Here’s a picture I drew (… keep reading for an explanation why!):
Some of you will already know that a couple of years ago, I was at Good One BBQ when Greg ordered the Jellyfish Chicken Salad (see this post over at Chow Times for a picture). I was very interested in the combination of meats and I mused as to whether some sort of jellyfish/chicken hybrid could be bred specifically for this dish. This inevitably lead to a t-shirt design (which is incidentally available for purchase).
Fast forward to a few months ago in Thailand when my sister was buying up the country’s entire stock (note slight hyperbole here) of Bad Badtz Maru character merchandise. I figured that if an angry penguin could become such a big hit (he’s a little maligned compared to other Sanrio characters, but still popular enough) then Jellychick should have a chance at stardom!
My mum, my sister, and Titie Lalita were all skeptical that such an abomination could ever be cute – so I drew this quick conceptual representation on a napkin:
Looking at that adorable, poorly-drawn face… they became ever so slightly swayed towards believing that Jellychick could have a future in: novelty stationary, stuffed toys, sleeping bags, in-car air-fresheners, and all sorts of other random merchandise! Hopefully with this new image, I’ll have them convinced. 😉
Next step: I need to make some sample Jellychick product… maybe something that dangles from a mobile phone… any ideas?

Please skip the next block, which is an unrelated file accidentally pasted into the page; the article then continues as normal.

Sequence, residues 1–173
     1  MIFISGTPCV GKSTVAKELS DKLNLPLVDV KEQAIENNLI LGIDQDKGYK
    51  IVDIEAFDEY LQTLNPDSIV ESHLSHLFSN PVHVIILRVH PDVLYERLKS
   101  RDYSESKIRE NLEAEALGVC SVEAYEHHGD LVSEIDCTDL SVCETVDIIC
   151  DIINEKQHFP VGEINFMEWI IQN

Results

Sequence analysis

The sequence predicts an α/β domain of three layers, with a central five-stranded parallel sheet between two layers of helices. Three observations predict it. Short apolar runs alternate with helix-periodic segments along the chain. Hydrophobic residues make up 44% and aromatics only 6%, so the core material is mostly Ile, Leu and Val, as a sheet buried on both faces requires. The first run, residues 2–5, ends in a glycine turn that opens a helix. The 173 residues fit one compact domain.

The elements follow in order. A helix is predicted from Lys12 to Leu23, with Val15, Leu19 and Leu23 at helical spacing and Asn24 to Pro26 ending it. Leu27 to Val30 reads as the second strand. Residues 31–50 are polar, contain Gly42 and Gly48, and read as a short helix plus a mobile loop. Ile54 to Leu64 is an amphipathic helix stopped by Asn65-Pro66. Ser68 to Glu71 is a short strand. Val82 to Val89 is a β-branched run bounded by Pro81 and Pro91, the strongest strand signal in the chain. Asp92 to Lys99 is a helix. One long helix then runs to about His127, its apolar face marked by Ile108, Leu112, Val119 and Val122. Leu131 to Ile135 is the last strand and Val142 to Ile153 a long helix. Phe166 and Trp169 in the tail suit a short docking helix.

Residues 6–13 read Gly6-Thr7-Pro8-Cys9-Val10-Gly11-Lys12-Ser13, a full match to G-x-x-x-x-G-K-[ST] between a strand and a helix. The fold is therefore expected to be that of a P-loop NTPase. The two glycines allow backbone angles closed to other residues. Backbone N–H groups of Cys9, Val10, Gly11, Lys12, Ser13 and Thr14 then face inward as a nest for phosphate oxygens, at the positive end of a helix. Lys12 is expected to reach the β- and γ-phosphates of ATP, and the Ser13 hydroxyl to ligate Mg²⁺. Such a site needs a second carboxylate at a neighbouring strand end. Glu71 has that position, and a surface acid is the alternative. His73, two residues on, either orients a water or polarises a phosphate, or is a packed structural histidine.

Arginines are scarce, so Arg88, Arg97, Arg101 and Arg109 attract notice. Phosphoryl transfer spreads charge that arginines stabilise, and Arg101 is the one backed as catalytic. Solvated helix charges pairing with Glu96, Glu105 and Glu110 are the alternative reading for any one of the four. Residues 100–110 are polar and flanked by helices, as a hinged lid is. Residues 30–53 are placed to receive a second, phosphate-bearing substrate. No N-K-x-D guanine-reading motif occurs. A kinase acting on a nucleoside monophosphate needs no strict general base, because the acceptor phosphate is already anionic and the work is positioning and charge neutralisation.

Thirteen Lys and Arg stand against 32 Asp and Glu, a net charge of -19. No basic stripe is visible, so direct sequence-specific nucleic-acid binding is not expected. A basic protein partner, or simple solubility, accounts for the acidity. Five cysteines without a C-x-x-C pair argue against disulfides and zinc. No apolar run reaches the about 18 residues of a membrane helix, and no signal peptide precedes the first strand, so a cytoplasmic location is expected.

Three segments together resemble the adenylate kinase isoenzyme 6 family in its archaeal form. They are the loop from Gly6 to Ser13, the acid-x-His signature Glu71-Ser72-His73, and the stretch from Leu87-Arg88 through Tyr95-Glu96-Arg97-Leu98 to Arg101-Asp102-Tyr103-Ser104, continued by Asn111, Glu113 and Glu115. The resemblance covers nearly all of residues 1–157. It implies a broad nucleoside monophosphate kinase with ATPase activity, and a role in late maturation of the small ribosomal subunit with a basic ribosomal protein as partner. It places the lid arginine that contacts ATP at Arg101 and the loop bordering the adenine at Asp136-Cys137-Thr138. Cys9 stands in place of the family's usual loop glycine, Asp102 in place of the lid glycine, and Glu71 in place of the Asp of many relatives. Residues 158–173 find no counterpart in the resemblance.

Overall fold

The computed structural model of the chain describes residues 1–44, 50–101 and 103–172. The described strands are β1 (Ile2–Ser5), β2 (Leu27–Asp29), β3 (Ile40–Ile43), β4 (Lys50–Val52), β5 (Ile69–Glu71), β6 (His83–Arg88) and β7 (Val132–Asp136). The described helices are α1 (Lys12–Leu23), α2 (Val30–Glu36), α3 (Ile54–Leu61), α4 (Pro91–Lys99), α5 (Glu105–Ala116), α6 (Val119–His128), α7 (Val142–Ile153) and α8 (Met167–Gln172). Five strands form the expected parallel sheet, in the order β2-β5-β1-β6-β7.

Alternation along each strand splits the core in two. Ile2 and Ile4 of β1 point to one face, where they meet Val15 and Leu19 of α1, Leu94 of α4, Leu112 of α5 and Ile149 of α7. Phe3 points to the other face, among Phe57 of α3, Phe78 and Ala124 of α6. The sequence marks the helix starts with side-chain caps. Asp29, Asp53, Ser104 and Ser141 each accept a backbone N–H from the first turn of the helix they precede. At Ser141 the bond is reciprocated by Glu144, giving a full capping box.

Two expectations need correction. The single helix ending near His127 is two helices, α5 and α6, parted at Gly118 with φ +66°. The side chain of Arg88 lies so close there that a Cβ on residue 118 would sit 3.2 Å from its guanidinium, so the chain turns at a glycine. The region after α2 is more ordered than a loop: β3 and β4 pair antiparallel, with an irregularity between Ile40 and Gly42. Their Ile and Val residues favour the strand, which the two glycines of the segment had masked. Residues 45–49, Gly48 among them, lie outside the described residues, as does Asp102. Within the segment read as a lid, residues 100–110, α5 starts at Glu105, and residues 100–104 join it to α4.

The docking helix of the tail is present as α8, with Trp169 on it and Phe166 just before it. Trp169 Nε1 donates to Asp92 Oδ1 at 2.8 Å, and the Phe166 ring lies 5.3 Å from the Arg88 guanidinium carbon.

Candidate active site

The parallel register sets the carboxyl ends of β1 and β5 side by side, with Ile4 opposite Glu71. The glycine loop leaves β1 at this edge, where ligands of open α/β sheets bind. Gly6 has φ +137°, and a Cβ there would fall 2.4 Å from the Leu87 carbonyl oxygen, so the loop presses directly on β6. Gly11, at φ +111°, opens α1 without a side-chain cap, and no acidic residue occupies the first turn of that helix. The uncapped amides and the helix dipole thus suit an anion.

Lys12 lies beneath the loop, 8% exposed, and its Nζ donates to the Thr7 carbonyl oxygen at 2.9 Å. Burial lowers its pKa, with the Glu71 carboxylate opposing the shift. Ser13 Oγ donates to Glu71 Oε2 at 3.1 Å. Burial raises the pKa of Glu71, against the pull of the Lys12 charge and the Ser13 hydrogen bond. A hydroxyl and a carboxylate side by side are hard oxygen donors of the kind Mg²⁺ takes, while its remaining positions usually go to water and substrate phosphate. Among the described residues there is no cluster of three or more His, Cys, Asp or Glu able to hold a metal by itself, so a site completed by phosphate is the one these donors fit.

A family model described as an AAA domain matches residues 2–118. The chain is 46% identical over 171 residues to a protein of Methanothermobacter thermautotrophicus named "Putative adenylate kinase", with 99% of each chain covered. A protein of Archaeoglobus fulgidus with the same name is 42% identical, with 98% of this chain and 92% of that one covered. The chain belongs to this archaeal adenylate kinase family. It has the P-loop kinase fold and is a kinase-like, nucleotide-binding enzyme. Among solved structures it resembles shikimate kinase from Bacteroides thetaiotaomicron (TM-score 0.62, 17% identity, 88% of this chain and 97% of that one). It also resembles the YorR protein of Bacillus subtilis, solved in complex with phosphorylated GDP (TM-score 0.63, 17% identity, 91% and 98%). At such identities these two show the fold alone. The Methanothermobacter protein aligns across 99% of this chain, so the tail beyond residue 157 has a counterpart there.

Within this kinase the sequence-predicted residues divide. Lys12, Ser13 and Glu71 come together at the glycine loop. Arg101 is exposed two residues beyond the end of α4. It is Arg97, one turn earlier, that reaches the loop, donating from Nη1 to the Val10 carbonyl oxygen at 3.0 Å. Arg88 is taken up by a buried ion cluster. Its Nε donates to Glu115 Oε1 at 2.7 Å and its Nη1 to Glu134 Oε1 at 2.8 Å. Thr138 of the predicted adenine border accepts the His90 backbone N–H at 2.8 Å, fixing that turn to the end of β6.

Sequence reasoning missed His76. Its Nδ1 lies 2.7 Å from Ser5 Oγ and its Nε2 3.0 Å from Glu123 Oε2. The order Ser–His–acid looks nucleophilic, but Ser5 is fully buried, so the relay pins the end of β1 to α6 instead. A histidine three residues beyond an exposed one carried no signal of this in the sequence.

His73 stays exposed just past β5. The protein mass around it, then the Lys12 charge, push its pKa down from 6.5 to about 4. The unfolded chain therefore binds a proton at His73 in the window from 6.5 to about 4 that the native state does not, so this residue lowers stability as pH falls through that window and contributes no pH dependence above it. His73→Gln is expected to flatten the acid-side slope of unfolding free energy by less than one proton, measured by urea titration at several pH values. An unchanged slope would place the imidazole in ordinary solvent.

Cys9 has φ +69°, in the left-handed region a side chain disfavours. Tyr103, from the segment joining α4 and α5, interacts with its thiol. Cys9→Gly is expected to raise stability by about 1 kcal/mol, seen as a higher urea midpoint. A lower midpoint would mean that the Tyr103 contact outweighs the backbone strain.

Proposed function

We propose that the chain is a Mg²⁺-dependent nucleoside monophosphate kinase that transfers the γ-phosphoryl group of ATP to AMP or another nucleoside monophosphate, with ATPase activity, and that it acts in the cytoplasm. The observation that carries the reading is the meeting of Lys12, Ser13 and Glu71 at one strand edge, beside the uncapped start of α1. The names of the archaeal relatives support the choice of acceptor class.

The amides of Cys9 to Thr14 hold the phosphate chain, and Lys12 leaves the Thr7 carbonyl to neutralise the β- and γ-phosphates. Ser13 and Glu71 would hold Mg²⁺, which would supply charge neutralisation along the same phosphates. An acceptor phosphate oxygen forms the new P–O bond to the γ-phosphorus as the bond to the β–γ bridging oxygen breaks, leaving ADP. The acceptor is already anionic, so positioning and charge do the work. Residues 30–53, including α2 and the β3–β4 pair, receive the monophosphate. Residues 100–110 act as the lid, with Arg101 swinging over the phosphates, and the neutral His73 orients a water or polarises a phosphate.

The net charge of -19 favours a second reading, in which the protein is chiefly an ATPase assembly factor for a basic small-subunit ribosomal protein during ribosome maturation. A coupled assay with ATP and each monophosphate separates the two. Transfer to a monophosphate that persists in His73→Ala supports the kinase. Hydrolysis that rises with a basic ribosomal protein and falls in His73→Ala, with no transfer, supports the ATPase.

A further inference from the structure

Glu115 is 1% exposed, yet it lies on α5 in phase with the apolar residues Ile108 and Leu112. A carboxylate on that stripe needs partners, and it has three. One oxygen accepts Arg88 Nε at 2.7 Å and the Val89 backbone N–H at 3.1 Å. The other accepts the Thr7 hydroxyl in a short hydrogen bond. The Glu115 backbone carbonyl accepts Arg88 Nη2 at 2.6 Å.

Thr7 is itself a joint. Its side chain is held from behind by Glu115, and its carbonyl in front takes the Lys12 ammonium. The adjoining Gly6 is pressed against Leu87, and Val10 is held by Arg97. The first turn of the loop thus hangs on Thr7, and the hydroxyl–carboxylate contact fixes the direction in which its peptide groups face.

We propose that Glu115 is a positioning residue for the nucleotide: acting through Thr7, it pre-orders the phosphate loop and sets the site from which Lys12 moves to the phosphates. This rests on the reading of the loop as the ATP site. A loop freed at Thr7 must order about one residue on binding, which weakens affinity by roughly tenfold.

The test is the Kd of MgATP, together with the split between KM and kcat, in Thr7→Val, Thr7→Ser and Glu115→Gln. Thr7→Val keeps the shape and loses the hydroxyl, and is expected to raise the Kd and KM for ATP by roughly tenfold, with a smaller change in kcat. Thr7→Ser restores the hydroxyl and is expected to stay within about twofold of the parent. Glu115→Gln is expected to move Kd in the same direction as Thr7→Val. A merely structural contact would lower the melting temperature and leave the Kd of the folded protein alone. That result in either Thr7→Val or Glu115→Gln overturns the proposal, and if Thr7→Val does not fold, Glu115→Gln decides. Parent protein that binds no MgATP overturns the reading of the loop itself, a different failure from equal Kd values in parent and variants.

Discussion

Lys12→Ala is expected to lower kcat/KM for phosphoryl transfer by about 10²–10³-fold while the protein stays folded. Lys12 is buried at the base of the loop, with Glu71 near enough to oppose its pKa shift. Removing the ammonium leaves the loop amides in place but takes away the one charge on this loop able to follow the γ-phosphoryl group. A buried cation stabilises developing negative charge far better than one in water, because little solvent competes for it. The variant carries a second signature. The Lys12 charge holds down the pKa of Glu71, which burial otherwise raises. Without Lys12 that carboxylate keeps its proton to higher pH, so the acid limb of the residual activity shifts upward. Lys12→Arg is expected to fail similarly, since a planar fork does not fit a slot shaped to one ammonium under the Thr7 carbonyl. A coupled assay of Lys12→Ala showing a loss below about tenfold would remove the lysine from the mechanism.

Last year was a pretty interesting year for me – and I didn’t really realise how substantial it was until I looked back on it…
I quit my job
I resigned as Vice President (Australia) at Interzone Entertainment way back in March. I’m glad that I left, because I can’t imagine who I would be if I had stayed – simply because I would have had a very different year in 2009.
I started a non-profit
Minh and I started Let’s Make Games in order to support the local game development community. The organisation ran six social events, conducted a local industry survey, produced a report based on the survey, and setup a website with a blog and links to local game developers.
Here’s a picture showing how the blog header image and background changed over the year (going from “get something up” to “make it look professional”):
Thanks to Simon for the original logo – it’s held up very well! 🙂